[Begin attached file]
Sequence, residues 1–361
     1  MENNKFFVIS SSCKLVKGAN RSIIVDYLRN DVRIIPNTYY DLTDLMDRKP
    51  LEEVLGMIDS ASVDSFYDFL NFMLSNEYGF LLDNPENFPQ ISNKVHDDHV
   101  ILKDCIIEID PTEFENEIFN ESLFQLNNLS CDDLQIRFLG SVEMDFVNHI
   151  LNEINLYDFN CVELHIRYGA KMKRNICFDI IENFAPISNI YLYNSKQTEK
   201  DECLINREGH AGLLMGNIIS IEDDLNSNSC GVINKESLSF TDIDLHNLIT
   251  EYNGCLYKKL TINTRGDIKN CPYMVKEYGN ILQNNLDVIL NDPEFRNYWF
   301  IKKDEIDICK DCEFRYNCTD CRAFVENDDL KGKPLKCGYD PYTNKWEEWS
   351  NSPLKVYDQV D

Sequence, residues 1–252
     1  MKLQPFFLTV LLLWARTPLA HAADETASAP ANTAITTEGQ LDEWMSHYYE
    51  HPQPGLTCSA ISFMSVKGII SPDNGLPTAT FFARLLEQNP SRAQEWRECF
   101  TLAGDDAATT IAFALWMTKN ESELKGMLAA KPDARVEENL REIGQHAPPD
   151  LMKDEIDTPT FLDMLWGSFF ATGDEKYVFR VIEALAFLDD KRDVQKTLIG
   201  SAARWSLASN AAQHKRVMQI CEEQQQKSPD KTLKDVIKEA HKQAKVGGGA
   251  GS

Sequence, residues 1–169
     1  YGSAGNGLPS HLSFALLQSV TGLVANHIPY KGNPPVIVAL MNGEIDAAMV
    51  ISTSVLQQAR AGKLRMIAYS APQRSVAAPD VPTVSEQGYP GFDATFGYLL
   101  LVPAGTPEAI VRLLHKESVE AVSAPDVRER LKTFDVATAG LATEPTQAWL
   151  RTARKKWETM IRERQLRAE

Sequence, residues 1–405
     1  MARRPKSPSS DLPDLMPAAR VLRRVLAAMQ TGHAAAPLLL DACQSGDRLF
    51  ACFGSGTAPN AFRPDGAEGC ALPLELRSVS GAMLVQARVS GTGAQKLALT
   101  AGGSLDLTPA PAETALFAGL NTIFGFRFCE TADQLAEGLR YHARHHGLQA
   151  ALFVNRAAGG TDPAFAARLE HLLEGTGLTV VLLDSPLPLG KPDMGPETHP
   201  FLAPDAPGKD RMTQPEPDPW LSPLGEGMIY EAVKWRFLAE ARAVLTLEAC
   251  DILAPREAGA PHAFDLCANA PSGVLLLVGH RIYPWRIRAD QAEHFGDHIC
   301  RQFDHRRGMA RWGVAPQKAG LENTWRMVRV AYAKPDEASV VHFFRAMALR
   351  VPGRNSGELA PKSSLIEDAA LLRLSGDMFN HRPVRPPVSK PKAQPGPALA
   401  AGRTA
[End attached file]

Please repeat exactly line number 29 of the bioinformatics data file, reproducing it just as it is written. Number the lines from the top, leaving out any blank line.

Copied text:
   301  RQFDHRRGMA RWGVAPQKAG LENTWRMVRV AYAKPDEASV VHFFRAMALR